Wednesday, November 15, 2006

Lending Limit Legerdemain!

Today, the Office of Federal Housing Oversight (OFHEO) announced some truly specious changes to their existing procedure for determining the “conforming” loan limits used by Freddie Mac and Fannie Mae.

The conforming loan limit, which currently stands at $417,000 for a single family home, defines the maximum loan amount that a government sponsored enterprise (GSE) can buy or guarantee, leaving any loan in excess of the limit to be considered "non-conforming" or a "Jumbo" loan which, being held by a non-government organization, typically will carry higher interest rates.

In years past, the procedure for determining the conforming loan limit has been to apply the October year-over-year percentage change in the average home price, published by the Federal Housing Finance Board (FHFB), to the current maximum limits for the subsequent year.

As anyone who has refinanced a home recently can attest, the limit for a conforming loan has increased rather dramatically in the last five years allowing many home owners to refinance out of their existing Jumbo loan to a lower rate conforming loan as the OFHEO limit surpassed their original loan amount.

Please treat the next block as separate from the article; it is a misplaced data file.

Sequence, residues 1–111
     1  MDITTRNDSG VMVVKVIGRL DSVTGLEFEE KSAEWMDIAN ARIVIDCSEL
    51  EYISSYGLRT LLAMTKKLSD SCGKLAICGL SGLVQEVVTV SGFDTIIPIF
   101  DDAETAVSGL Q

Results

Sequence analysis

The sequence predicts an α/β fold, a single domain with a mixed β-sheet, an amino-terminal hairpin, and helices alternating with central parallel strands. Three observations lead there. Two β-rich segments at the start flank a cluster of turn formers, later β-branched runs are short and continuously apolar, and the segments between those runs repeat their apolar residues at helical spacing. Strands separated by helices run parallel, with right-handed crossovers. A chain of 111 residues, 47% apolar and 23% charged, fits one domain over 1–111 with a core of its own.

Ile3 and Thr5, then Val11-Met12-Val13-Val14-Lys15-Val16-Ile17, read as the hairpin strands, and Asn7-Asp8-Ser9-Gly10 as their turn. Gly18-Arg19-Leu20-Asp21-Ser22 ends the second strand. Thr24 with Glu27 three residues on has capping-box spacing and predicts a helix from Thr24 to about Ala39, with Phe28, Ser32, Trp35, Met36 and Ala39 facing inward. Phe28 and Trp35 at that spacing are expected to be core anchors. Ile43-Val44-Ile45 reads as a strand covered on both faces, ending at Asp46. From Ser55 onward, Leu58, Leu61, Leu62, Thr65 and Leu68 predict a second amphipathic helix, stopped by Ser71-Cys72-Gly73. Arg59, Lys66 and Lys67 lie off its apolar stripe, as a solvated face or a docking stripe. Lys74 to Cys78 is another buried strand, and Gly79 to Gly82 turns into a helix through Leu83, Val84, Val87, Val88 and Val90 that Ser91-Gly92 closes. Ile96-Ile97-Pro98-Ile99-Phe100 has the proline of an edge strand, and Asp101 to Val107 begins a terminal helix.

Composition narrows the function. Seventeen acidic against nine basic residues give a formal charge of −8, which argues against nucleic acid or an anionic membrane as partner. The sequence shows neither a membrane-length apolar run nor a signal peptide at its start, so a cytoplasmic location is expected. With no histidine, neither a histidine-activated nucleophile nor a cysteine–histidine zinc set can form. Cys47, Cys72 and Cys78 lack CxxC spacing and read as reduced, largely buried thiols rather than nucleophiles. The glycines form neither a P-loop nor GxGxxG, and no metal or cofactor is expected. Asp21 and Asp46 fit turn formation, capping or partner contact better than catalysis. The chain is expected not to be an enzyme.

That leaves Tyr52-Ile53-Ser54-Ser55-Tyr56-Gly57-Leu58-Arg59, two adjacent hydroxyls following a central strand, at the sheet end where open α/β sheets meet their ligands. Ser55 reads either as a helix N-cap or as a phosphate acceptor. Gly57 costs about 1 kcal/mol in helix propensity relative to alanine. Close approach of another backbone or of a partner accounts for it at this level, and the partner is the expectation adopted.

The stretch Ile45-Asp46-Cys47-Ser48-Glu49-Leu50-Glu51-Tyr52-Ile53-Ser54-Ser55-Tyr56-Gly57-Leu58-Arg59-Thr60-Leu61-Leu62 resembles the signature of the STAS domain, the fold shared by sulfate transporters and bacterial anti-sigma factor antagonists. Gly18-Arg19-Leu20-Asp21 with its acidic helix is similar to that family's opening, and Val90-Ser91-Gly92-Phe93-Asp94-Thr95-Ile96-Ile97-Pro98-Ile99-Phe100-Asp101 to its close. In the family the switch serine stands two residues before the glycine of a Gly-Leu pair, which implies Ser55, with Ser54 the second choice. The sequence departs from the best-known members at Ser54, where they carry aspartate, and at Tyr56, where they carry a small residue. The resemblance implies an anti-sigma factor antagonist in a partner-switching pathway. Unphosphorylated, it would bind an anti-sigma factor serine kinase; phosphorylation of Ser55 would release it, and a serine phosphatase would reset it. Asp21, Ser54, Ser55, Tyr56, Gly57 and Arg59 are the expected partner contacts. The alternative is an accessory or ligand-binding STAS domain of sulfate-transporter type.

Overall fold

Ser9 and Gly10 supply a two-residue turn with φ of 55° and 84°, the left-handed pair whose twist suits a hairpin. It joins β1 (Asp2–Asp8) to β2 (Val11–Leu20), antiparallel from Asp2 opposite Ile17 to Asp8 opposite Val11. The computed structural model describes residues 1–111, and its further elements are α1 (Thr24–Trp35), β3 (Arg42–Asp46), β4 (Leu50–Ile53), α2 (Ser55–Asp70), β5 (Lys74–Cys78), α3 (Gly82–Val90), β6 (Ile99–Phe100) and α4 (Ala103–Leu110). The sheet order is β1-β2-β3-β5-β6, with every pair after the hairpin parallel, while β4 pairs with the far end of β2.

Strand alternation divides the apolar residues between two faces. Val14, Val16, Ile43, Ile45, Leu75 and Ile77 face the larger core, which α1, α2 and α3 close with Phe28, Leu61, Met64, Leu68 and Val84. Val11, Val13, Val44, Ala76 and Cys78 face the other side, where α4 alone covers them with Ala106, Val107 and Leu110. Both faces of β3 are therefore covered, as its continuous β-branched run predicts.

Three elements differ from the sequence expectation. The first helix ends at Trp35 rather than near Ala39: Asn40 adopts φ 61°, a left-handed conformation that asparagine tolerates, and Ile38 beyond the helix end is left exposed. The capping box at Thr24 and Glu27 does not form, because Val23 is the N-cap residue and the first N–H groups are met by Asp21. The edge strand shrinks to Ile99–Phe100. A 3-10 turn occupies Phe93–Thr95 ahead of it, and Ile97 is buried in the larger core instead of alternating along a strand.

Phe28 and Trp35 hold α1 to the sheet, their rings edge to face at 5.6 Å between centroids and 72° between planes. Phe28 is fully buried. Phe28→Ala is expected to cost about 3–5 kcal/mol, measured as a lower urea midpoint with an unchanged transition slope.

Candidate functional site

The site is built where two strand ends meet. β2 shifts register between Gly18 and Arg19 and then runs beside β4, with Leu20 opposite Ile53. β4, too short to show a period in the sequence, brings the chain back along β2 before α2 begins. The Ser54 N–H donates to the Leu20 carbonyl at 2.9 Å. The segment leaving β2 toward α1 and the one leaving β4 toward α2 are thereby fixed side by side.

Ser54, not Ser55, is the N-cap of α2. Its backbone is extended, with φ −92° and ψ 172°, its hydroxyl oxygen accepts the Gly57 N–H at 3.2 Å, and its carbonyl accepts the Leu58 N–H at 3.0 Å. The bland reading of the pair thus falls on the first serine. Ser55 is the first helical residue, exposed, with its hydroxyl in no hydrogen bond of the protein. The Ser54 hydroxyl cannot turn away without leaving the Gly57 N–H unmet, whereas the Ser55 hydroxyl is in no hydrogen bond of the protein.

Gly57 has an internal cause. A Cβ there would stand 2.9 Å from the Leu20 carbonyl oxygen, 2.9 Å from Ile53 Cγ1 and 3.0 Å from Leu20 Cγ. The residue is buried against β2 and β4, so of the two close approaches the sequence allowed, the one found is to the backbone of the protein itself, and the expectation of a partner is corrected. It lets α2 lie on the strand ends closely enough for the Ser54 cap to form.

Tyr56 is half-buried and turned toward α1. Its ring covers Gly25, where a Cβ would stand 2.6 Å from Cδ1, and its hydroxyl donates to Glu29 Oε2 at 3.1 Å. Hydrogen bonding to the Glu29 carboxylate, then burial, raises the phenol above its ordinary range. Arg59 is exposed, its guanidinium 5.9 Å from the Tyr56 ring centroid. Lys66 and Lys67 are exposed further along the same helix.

Now though, in the face of the first decline to the FHFB average home price in more that a decade OFHEO’s director, James B. Lockhart has seen fit to change the process by which the limit is determined citing concern for ensuring “…an orderly and transparent process for any downward adjustment,".

Apparently, this concern was not present for the many upward revisions to the limit during the Bubble years, allowing many millions of borrowers to take full advantage of the credit worthiness of the United States government through their reliance on ever expanding, GSE backed loans.

OFHEO now plans to hold the limit steady for all of 2007, deferring any downward revision, even if the average home price should continue to fall.

Better yet, if for some reason, the October average home price should increase, Lockhart has stated that OFHEO will ACTUALLY INCREASE the limit by that percentage as they have in past years.

Furthermore, If the October 2007 average price should decline again, then the 2008 limit will finally be revised down but by “at least” the percentage change in 2006.

It’s not exactly certain what the term “at least” really means but it appears that this supposed attempt to clarify the process of setting the conforming loan limit has now been greatly obfuscated.

Copyright © 2006

PaperMoney Blog -
All Rights Reserved